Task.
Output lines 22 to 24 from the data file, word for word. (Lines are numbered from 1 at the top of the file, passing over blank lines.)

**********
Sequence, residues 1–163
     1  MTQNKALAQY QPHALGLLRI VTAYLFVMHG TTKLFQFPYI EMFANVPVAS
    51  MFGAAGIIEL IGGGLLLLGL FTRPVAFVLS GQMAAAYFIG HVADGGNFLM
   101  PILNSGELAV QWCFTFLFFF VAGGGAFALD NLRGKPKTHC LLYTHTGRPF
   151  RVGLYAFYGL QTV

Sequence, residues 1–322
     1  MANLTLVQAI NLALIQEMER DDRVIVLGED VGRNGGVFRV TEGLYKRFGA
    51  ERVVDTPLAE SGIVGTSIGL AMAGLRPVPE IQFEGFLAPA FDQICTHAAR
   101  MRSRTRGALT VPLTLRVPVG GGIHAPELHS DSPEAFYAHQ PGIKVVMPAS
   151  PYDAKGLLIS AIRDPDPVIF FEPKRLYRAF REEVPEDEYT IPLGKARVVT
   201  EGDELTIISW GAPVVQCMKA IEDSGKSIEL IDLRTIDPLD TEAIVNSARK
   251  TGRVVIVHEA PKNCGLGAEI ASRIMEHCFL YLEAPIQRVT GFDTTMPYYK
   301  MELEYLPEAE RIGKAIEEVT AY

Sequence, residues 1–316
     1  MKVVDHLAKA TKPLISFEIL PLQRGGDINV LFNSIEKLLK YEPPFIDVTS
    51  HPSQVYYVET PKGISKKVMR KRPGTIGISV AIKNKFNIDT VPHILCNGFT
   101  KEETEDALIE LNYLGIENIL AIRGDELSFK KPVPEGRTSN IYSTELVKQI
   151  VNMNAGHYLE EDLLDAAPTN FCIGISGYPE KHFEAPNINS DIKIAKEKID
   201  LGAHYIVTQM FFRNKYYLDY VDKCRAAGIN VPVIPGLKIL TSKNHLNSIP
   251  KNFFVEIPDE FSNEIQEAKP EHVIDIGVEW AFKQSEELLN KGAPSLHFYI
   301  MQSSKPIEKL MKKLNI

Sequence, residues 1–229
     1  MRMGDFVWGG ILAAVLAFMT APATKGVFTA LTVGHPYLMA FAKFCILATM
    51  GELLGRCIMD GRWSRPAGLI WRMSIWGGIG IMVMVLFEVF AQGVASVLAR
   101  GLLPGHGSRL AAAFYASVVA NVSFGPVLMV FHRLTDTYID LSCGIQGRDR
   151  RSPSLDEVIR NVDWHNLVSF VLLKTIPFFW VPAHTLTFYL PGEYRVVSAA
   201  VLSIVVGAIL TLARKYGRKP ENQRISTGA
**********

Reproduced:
Sequence, residues 1–229
     1  MRMGDFVWGG ILAAVLAFMT APATKGVFTA LTVGHPYLMA FAKFCILATM
    51  GELLGRCIMD GRWSRPAGLI WRMSIWGGIG IMVMVLFEVF AQGVASVLAR